The American Antiquarian Society's photograph collection includes over two hundred tintypes. Tintypes, also known as ferrotypes or melainotypes, were produced from the mid-1850s until as late as the mid-1930s. They were less expensive and more durable than either daguerreotypes or ambrotypes, and quickly became the most popular form of early photography. The image consists of a collodion positive fixed to a thin plate of varnished iron. The name "tintype" is derived from the tin shears used to cut the image from a larger sheet.
Tintypes were sometimes placed in cases similar to those of daguerreotypes and ambrotypes to give them a more expensive look, but because of their thinness, they were more often placed in small albums or cut to fit jewelry. Though similar in appearance to ambrotypes, they are generally lighter, and will attract a small magnet. Sizes are similar to those of daguerreotypes and ambrotypes, but also include the Gem or Thumbnail Size of 1" x 1" or smaller.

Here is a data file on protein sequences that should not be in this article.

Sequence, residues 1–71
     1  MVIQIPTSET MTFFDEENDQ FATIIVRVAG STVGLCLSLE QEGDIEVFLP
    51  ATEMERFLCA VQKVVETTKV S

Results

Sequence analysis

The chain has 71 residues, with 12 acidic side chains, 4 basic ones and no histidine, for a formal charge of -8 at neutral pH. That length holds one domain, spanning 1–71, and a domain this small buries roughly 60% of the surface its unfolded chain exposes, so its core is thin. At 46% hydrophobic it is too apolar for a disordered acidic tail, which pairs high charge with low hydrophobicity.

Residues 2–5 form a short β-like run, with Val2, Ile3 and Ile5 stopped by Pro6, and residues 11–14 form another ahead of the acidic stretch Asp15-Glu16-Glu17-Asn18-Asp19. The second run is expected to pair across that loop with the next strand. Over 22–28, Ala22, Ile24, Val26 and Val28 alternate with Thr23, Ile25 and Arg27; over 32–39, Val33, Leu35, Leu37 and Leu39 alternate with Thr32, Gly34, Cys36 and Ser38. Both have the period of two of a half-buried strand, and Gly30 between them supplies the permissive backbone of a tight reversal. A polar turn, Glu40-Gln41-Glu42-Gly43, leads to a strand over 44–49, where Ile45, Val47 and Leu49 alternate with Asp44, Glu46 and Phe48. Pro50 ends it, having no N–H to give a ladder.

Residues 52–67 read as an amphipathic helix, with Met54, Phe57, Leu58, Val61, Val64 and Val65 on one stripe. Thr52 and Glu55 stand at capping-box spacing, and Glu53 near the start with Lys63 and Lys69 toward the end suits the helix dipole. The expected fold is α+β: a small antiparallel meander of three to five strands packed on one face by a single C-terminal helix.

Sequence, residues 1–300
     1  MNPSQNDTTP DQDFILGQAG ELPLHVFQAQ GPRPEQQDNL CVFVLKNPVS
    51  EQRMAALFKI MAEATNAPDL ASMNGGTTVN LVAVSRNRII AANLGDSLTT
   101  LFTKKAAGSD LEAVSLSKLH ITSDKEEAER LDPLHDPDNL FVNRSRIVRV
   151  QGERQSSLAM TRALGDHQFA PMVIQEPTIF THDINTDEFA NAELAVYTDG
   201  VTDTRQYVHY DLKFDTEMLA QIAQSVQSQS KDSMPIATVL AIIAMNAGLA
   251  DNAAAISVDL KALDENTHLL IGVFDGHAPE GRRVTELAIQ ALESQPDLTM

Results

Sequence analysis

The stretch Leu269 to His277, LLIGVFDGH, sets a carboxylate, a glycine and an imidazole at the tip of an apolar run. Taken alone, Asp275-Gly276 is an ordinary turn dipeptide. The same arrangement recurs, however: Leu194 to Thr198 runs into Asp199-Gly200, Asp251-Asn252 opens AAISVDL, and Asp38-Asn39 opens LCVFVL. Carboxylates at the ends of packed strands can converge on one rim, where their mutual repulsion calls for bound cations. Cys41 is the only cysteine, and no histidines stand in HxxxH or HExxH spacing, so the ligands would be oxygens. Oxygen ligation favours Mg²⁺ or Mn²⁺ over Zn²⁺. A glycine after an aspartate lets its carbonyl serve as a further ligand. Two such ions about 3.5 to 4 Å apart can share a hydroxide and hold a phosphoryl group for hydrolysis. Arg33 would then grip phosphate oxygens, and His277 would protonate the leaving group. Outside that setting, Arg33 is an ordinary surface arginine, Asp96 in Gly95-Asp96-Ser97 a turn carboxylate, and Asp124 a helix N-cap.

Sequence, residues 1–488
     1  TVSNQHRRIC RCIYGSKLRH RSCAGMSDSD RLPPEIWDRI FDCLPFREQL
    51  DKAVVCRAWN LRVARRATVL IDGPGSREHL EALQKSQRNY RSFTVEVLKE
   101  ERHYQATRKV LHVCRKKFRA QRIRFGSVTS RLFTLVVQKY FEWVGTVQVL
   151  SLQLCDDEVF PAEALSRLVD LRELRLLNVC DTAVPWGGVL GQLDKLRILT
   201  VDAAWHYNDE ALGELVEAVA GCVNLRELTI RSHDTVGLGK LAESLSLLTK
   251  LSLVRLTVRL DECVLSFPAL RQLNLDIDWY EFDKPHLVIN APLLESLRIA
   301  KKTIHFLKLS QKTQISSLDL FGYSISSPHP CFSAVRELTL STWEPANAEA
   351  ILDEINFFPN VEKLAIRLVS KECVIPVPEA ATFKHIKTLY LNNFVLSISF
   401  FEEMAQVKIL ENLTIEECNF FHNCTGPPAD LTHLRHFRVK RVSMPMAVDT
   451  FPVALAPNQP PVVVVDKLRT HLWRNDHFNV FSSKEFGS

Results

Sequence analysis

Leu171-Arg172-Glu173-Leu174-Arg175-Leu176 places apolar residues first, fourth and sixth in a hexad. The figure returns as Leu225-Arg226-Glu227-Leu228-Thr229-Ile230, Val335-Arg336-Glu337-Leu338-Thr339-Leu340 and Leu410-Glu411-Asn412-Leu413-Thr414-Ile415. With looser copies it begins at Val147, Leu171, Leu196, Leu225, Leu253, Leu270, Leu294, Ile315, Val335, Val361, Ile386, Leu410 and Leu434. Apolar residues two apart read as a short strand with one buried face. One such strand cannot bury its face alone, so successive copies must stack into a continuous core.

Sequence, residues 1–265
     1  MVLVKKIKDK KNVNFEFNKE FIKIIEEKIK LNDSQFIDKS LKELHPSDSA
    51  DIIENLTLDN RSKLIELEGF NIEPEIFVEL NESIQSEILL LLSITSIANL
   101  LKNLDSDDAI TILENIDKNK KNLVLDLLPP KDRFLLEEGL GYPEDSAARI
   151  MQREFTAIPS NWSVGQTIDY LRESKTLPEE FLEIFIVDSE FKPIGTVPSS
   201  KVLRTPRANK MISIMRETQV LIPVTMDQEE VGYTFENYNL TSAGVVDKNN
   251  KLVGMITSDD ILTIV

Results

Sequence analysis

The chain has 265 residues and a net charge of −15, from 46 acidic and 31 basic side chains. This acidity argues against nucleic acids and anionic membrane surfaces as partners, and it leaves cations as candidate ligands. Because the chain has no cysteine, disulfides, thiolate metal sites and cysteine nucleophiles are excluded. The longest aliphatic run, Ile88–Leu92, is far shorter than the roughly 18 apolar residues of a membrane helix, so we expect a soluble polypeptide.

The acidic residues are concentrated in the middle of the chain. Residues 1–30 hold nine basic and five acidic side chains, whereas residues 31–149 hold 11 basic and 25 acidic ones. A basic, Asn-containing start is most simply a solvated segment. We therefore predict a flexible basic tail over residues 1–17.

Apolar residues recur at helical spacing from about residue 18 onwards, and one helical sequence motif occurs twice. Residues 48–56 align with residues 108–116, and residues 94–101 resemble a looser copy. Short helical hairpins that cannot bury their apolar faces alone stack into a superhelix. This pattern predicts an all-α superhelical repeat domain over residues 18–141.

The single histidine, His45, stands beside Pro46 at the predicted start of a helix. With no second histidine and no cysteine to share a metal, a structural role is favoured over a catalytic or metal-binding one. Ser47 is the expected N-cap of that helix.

A fully illustrated inventory is available for this collection.